This can be a hard choice because there are so many great credit cards with great rewards. We try to keep you updated on the best bonuses, so join our newsletter to stay updated. If you don’t already have it, a great starter card is the Chase Sapphire Preferred. If you do already have it, look into referring your spouse or partner for their own.
The Chase 5/24 rule is an unofficial rule from Chase that says if you have opened five or more personal credit cards in the last 24 months, you won’t be approved for any Chase cards. This doesn’t just apply to Chase-issued cards. ANY personal credit card you have opened from any company will count towards your 5/24 total. This includes any store credit cards. The exception to this is business cards. Those do not add to your Chase 5/24 count (with a couple of exceptions like Capital One and Discover business cards). Chase sponsors some of the very best credit cards with great bonuses. Hence, we encourage people to get all the Chase cards they want when starting out, then branch out.
No! You want to apply individually and then refer him/her so you can get a referral bonus, and they can get bonus points for themselves. We want all the points we can get! Being an authorized user on a card also counts towards Chase 5/24. This is an FAQ that is important to remember as it will ultimately affect the number of points you’re able to earn.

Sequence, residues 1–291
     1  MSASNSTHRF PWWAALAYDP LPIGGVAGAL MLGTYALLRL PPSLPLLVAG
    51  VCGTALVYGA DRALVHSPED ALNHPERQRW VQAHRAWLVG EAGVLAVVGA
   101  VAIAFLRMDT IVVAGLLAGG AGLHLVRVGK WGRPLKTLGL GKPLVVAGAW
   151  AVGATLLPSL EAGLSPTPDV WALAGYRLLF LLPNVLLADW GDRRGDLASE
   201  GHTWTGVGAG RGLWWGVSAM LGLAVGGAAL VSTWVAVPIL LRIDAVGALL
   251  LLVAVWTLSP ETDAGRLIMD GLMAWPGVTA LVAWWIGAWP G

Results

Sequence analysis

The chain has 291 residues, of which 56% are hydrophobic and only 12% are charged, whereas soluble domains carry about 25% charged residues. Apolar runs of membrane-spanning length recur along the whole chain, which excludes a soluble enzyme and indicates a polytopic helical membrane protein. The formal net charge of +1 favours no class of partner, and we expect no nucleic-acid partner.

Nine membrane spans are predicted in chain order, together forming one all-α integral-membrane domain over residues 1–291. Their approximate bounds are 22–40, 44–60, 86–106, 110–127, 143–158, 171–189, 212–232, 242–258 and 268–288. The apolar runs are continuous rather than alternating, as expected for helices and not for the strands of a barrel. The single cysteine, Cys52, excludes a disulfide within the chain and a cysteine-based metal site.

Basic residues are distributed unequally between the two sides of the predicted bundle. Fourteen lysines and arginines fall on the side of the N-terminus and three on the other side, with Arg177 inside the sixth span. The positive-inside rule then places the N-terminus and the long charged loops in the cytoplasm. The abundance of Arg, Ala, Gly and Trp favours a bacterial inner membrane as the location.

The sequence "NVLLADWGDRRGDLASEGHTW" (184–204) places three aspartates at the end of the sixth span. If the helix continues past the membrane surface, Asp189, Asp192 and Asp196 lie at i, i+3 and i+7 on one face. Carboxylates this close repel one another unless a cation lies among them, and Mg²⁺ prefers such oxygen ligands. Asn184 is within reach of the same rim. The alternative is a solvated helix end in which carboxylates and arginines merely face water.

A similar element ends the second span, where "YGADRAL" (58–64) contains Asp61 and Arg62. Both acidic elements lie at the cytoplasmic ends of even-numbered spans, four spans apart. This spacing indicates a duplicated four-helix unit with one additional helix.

We suggest a two-punch approach with two incredible apps:
Each has different pros, and together they cover all our bases. Credit card organization is a cinch if you put each card in their apps!
Yes and no. American Express Credit Cards have a once-per-lifetime rule, so they are usually a no. That said, occasionally, people report getting an offer without that lifetime rule attached. With most of the other cards, you can get it again after you’ve closed it and a certain amount of time has passed. There are even some cards you can get again without closing them, just waiting a certain amount of time since the bonus. With Chase cards, you must wait 24 months since you last got a bonus on the card, and you can’t currently have the card. After canceling, you’ll need to wait 30 days before you reapply. If you downgrade your card, you’ll need to wait about a week. The exception is the Chase Sapphire cards—you’ll need to wait 48 months since you last received the welcome offer on those.
The Chase Sapphire Preferred and Capital One Venture Card are two great beginner cards. Both offer great rewards and are easy beginner cards. We much prefer the Chase Sapphire Preferred because the points are more valuable, but the Capital One Venture is a little easier when it comes to redeeming the points.
Yes it is, even with a tiny side gig! We love business cards because they give us an even bigger pool of credit cards to choose from, and they don’t count towards Chase 5/24. Read this post about business cards!